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Buying An “As-Is” Property

In today’s competitive seller’s market, it is common to see homes selling “as-is.” But what does this really mean for you as a buyer?

In essence, an “as-is” sale means that the seller has no obligation to fix any existing issues with the home. This often means a (comparatively) low price tag up front, which can be very appealing. But there are potential risks as well, so it pays to be fully aware of the responsibility and expense that such a home might entail.

Buying a home always involves a great deal of thought, of course, but an “as-is” buyer will need to do more research and work to be well-informed. Below are some keys tips that can help smoothly navigate the process.

1. Manage expectations…

Before you make an offer on an “as-is” home, you may need to adjust your expectations.  Here are some important questions:

Am I OK with putting work into the home?

How much work am I willing to put into this house?

If you are game for the work such a home will likely require a repair budget so that the cost of improvements and repairs don’t come as a surprise.

Almost all home inspections come back with issues, but it’s up to you to navigate the possibilities and determine personal make-or-break items.

Your inner  guided conversation could go something like this…

“Think about your current home. Is there a chipped tile that you’ve learned to live around? How about that fan that makes noise when it’s on the high setting?”

These are items that may come back on the inspection report but don’t ultimately affect the habitability of the home. If you know what is in and out of budget ahead of time, the inspection results won’t feel so overwhelming.

2. Order the right inspections…

Inspections are especially important with an as-is sale, and they will need to be completed during the negotiated inspection period. Prior to going under contract, it may be helpful to do some research on local inspectors, as their findings will weigh heavily on their decision to move forward with the contract.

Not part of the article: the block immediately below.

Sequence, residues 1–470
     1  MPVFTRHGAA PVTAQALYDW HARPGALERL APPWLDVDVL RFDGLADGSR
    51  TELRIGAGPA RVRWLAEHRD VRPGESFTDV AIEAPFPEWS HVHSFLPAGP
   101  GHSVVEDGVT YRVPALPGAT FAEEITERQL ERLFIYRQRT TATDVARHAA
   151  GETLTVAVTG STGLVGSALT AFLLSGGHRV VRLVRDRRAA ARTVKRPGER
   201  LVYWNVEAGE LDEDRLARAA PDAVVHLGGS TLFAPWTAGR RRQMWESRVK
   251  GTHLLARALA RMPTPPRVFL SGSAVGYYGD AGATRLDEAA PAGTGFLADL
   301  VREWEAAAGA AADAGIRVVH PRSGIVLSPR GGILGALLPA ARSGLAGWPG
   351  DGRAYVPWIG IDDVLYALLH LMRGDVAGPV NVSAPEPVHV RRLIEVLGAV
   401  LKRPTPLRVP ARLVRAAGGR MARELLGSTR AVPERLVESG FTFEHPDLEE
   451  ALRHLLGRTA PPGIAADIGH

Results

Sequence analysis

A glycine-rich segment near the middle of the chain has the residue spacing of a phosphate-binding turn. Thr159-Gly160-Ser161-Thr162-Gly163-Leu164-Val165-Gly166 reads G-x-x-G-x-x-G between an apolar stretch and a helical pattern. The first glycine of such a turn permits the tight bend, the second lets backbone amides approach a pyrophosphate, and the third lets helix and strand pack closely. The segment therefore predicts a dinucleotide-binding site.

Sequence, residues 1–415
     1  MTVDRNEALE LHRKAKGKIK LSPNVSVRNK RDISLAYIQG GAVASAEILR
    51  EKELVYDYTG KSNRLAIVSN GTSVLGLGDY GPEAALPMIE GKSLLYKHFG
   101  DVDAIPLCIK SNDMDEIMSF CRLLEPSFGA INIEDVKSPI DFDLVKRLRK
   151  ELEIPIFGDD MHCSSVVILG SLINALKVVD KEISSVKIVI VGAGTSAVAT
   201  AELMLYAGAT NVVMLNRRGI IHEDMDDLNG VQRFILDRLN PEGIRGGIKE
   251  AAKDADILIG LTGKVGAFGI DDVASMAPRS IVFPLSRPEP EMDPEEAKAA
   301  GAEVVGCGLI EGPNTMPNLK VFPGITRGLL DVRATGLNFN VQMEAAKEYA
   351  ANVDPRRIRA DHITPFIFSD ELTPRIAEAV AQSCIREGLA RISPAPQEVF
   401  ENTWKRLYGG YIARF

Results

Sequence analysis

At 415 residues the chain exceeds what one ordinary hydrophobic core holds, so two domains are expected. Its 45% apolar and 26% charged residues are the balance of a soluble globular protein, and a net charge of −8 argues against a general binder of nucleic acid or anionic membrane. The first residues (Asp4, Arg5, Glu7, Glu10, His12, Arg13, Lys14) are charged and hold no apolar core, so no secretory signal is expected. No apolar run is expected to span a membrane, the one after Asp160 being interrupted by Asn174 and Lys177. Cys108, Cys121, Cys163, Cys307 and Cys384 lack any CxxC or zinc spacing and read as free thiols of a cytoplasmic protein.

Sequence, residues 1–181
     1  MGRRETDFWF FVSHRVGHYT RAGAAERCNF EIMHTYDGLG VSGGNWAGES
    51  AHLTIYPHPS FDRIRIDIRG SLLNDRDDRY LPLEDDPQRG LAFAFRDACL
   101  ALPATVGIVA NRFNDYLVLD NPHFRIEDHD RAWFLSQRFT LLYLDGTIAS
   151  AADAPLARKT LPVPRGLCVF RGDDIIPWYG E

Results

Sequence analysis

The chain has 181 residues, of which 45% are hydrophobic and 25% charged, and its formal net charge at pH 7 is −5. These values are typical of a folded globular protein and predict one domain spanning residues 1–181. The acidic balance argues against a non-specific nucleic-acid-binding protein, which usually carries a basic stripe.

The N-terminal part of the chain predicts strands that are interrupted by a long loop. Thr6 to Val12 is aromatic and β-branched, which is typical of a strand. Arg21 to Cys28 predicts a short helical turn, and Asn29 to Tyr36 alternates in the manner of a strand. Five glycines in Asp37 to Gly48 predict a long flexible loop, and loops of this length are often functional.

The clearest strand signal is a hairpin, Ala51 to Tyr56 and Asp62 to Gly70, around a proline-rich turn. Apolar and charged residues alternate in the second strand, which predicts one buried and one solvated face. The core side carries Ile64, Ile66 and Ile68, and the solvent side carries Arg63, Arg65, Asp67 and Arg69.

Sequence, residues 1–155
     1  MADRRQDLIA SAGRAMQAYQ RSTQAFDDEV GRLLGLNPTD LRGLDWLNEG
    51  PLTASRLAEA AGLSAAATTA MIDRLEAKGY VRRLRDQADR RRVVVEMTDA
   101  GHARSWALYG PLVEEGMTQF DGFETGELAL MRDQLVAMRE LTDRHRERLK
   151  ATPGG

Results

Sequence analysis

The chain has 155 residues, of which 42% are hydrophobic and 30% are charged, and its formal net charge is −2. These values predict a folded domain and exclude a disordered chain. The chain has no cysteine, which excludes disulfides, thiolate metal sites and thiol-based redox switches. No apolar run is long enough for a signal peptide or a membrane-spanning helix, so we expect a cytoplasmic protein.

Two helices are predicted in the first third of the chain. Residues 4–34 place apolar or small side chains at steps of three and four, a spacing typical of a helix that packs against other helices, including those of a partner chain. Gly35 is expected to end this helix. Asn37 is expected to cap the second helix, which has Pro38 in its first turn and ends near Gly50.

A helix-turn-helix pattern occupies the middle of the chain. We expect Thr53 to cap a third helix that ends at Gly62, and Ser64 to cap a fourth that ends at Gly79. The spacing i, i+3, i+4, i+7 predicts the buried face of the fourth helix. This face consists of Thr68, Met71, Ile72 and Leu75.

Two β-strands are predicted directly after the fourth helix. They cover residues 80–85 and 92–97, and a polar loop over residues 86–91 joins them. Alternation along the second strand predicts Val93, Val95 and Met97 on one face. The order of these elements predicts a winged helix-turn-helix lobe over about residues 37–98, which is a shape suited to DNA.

You will learn who is reputable and who isn’t, and you are in a position to  avoid inspectors who may not have the knowledge or expertise to distinguish between a drywall stain and mold.

Once you have settled on a trusted inspector, you can determine the inspections that may need to be done. Aside from a standard inspection, a four-point or septic tank inspection may be in order for insurance purposes.

Remember, the inspection period is the only time during which you can cancel the contract based on conditions you may find, so uncovering everything possible during this time is important.

3. Educate yourself about ‘the lender talk…’

So the inspection came back, and the home needs a new roof. You knew this might be the case; are you OK with tackling this project? The thing is, it’s not only about your feelings on the matter:  Is the lender OK with this as well?

Chances are, a lender is going to require the home be safe and sound. Any items that affect safety and structural soundness, like that old roof, may prevent you from obtaining financing on the home.

If the inspection turns up any major concerns, be up front with the lender so that he or she can look for ways to help secure the financing needed to get the home.

Some options include renovation loans and escrow holdbacks, and the sooner you talk to the lender the more time there will be to find a solution.

If the appraisal notes any “lender required repairs,” the seller has the option of declining the repairs or fixing the elements in question — but also increasing the purchase price to offset repair costs.

Buying a home “as-is” may seem daunting for you based on the sheer number of unknowns. But with some additional planning and prepping, you can be better prepared to handle this process.

Focus on asking plenty of questions, and armed with the information, you will find the perfect new home.